The aim of the tests described in the paper was conducting a displacement and stress analysis of four buried flexible structures made in different technologies under failure load. Generally, the laboratory tests carried out on in full scale confirms that all four culvert models of the work safely despite the reduction of the backfill layer over the structures to 0.3 m (less than according to standard recommendations) and increasing the load to 1960 -2000 kN (almost 4 times more than according to standards and recommendations). In the case of a PE plastic pipe, the main measured parameter was displacement and for other steel research models it was the stress. The obtained maximum values of these parameters were compared with the permissible standard values. Maximum displacement values were recorded in the crowns of the structures up to 12.57 mm for PE plastic pipe model. The maximum stresses for steel structures were 85.28 MPa (for corrugated steel pipe), 111.5 MPa (Box Culvert) and 447.9 MPa (Multi Plate non-circular structure). Despite the exceed stress in the case of Multi Plate structure, the steel structure did not lose its stability. The analyses carried out were aimed at determining database, which in its assumption, allows the verification of calculations performed by a numerical method such as FEM.
The article attempts to evaluate the comparison values of the culvert displacements and stresses made in four different technologies with the permissible standard values based on laboratory tests on a natural scale. Models were made using PE plastic and corrugated steel sheets. In this case, the results of the structural tests were compared under a failure load.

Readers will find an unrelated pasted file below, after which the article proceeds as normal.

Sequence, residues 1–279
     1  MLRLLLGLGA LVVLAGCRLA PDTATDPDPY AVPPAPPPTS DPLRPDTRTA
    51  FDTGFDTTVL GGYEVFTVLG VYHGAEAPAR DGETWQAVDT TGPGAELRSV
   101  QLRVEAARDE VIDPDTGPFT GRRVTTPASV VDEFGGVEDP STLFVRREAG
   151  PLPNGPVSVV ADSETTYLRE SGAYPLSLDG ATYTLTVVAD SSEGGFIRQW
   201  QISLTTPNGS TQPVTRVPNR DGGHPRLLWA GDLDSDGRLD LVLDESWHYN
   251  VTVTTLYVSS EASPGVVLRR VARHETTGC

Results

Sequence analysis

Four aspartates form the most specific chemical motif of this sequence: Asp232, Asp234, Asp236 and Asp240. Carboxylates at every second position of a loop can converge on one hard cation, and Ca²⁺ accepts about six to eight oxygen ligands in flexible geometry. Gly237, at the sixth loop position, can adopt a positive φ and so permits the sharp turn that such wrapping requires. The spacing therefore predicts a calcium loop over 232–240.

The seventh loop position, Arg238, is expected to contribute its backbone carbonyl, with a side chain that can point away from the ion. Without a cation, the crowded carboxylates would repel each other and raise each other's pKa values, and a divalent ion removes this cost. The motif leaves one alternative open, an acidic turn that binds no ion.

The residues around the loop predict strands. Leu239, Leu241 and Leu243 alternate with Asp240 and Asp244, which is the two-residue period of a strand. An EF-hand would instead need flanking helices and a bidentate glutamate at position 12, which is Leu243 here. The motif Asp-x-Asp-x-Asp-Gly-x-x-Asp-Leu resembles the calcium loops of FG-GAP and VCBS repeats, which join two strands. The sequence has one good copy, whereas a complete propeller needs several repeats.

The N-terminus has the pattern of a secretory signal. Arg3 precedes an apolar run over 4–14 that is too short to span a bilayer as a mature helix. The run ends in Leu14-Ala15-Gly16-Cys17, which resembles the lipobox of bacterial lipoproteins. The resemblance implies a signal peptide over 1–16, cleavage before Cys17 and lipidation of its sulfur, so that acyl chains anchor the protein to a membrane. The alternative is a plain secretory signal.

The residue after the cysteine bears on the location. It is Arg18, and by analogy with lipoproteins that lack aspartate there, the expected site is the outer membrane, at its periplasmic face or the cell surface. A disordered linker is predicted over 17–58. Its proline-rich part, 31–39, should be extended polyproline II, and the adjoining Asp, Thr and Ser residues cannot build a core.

An example of damage caused by an overload of buried flexible structure is shown in Fig. 1.
The topic described in the paper is very important due to the fact that in recent years, research and analysis of culverts under various types of loads are still being carried out. This is related to both culverts in situ tests1,2,3,4, as well as numerical analysis of different load cases5,6,7,8,9.
In the case of buried flexible structures, the impact of the backfill on the soil-shell interaction is less pronounced than in the case of rigid structures. This is because in these structures, once the ground is made, a natural vault is formed in the backfill, limited from the top by the road surface and from the bottom by the curvature of the structure. This phenomenon is called "vaulting", although in the natural situation it occurs as a result of creating a hole inside the stabilized natural soil and not in the embankment of the soil-covered structure under construction10. In such a situation, the dead load of the layers (soil backfill and roadway substructure) and the live loads cause much less reaction on the foundation than in a rigid (classic) vaulted structure. In the case of buried flexible structures, the interaction of the flexible structure with the soil backfill is employed. Therefore the main load-bearing structure is the soil backfill as well as the reinforcing geotextiles. In the case of rigid culverts, the backfill is only the filling without significant interaction.